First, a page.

Privacy and consumer groups welcomed a "Do Not Track" bill introduced in the US Senate that would let Internet users block companies from gathering information about their online activities.
The Do-Not-Track Online Act of 2011 was introduced by Democratic Senator Jay Rockefeller of West Virginia, the chairman of the Senate Committee on Commerce, Science, and Transportation.
"Recent reports of privacy invasions have made it imperative that we do more to put consumers in the driver's seat when it comes to their personal information," Rockefeller said in a statement.
"Consumers have a right to decide whether their information can be collected and used online," he said. "This bill offers a simple, straightforward way for people to stop companies from tracking their movements online."
Rockefeller's bill would create a "legal obligation" for online companies to honour the choice of consumers who say they do not want to be tracked online and give the Federal Trade Commission the power to pursue any company that does not honor the request.
Rockefeller's bill comes amid a flurry of privacy legislation in the US Congress and on the local-state level.
US senators John Kerry and John McCain unveiled an online privacy bill last month and two members of the US House of Representatives released a draft last week of a separate "Do Not Track" bill aimed at protecting children online.
"Do Not Track" legislation has also been introduced in the California state senate, drawing criticism from some companies reliant on tracking Web users for targeted advertising.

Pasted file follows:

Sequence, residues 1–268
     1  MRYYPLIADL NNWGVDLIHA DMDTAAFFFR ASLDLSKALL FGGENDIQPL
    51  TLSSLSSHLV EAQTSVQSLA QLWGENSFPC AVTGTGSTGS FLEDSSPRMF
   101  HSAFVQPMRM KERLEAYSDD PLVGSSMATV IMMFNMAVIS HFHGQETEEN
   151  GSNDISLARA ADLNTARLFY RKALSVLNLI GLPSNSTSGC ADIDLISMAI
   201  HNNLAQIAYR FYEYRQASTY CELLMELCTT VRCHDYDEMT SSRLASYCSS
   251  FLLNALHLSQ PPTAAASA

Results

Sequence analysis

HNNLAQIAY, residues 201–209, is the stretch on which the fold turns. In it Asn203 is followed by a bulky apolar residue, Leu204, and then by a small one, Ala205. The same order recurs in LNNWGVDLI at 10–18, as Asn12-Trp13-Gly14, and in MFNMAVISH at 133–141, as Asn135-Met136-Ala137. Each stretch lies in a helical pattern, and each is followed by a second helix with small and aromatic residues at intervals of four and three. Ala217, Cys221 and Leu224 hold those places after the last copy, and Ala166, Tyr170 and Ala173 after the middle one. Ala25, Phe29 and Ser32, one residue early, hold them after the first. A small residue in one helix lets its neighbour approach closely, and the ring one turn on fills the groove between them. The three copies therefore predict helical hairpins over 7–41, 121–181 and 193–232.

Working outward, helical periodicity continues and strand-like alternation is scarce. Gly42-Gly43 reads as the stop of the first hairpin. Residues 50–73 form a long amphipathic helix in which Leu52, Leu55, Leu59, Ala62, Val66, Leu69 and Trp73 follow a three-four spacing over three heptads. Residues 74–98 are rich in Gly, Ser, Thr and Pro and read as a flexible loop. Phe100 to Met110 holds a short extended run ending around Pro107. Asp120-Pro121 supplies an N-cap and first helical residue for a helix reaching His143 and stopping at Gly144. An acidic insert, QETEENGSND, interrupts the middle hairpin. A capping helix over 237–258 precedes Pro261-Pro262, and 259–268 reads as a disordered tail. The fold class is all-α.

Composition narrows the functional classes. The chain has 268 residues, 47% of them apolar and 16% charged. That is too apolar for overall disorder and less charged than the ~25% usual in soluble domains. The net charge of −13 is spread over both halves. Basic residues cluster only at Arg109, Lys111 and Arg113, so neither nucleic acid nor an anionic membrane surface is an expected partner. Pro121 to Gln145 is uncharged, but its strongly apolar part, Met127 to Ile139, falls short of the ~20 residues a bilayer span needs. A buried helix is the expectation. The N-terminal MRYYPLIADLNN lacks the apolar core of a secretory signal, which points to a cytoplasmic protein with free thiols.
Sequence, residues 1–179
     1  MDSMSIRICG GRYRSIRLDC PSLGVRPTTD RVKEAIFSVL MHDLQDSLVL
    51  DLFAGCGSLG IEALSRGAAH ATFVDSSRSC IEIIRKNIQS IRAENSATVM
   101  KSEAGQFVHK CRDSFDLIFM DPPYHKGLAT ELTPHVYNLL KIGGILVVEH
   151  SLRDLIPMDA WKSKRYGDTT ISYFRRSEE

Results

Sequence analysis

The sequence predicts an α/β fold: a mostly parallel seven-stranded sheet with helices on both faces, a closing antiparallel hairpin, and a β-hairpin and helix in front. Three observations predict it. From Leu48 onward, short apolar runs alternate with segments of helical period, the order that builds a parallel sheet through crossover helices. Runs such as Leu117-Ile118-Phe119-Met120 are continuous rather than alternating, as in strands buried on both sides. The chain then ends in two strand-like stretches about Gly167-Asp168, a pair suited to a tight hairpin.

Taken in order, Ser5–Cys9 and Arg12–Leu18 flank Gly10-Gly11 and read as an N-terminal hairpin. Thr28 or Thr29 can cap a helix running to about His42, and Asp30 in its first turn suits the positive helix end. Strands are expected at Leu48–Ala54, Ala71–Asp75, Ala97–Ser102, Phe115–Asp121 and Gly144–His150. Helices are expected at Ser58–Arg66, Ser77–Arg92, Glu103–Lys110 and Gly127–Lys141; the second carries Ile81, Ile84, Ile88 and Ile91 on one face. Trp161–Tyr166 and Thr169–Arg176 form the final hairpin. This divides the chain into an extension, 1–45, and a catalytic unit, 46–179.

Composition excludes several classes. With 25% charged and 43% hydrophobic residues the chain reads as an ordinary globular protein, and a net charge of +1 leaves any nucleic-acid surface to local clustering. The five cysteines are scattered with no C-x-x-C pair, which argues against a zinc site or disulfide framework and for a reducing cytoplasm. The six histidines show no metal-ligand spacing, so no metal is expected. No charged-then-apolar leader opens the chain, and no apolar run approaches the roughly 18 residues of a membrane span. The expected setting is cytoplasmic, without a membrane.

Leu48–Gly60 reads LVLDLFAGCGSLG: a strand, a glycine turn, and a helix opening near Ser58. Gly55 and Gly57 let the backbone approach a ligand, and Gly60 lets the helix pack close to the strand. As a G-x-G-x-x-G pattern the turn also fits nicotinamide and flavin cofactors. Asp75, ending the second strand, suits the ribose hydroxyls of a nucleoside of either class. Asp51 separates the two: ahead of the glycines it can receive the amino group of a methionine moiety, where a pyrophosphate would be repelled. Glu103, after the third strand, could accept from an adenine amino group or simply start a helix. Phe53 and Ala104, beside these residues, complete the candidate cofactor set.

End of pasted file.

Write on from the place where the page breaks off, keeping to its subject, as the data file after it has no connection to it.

Rockefeller's bill was welcomed by the American Civil Liberties Union, Consumer Federation of America, Consumers Union, Electronic Frontier Foundation, Privacy Rights Clearinghouse, Consumer Watchdog, Consumer Action, and the Center for Digital Democracy.
Susan Grant of the Consumer Federation of America said it would "give Americans the right and the right tools to browse the Internet without their every click being tracked for marketing and other purposes."
"The current model creates an economic incentive for tracking and if consumers don't have the ability to 'opt-out' the result is going to be a detailed portrait of our online activities," said Chris Calabrese of the American Civil Liberties Union.
Jeffrey Chester of the Center for Digital Democracy said the bill strikes a balance between protecting the personal information of web users and the needs of businesses to conduct electronic commerce.
"The bill shows that you can protect privacy and also promote e-commerce because it allows websites to engage in the necessary data collection so they can generate robust revenues," Chester said.
Jamie Court of Consumer Watchdog noted that Mozilla, Microsoft and Apple are incorporating a mechanism into their Web browsers to send a "Do Not Track" message but there is currently no legal requirement that a website honor the request.
Court also welcomed provisions in the Rockefeller bill that would apply "Do Not Track" standards to mobile devices.
Apple and Google are to attend a congressional hearing on privacy on Tuesday, US time, following controversy over location-sharing features on the iPhone and Google's Android devices.